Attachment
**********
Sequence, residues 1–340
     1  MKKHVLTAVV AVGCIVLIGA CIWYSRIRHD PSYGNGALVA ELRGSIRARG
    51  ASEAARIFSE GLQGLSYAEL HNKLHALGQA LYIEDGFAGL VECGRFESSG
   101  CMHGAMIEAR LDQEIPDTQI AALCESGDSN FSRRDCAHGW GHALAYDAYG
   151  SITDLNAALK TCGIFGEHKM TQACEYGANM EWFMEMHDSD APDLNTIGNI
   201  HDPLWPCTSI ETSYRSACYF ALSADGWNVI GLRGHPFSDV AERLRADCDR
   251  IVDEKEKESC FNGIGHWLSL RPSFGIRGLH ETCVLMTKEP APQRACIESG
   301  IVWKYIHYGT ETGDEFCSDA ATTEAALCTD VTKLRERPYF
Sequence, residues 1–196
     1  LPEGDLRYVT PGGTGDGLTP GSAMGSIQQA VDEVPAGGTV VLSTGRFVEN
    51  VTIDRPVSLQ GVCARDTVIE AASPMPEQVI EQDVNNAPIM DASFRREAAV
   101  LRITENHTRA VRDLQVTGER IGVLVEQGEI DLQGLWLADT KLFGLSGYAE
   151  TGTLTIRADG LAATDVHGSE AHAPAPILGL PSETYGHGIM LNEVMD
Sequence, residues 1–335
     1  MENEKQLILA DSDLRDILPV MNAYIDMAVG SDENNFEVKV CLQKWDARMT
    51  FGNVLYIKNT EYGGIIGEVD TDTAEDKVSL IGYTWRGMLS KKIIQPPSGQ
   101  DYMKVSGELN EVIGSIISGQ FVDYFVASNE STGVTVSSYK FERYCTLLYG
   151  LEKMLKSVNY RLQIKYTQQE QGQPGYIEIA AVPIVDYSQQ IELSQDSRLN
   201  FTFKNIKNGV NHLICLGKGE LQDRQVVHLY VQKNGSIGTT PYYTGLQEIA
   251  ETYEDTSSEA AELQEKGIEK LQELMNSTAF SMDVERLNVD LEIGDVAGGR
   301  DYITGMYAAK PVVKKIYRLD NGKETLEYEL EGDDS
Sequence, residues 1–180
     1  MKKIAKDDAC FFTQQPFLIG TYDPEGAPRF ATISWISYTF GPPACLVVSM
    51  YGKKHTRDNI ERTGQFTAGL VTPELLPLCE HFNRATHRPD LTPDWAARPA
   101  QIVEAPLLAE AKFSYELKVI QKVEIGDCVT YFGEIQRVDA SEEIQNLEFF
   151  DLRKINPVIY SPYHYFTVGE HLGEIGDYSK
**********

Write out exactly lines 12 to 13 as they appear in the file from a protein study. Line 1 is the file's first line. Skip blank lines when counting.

   101  LRITENHTRA VRDLQVTGER IGVLVEQGEI DLQGLWLADT KLFGLSGYAE
   151  TGTLTIRADG LAATDVHGSE AHAPAPILGL PSETYGHGIM LNEVMD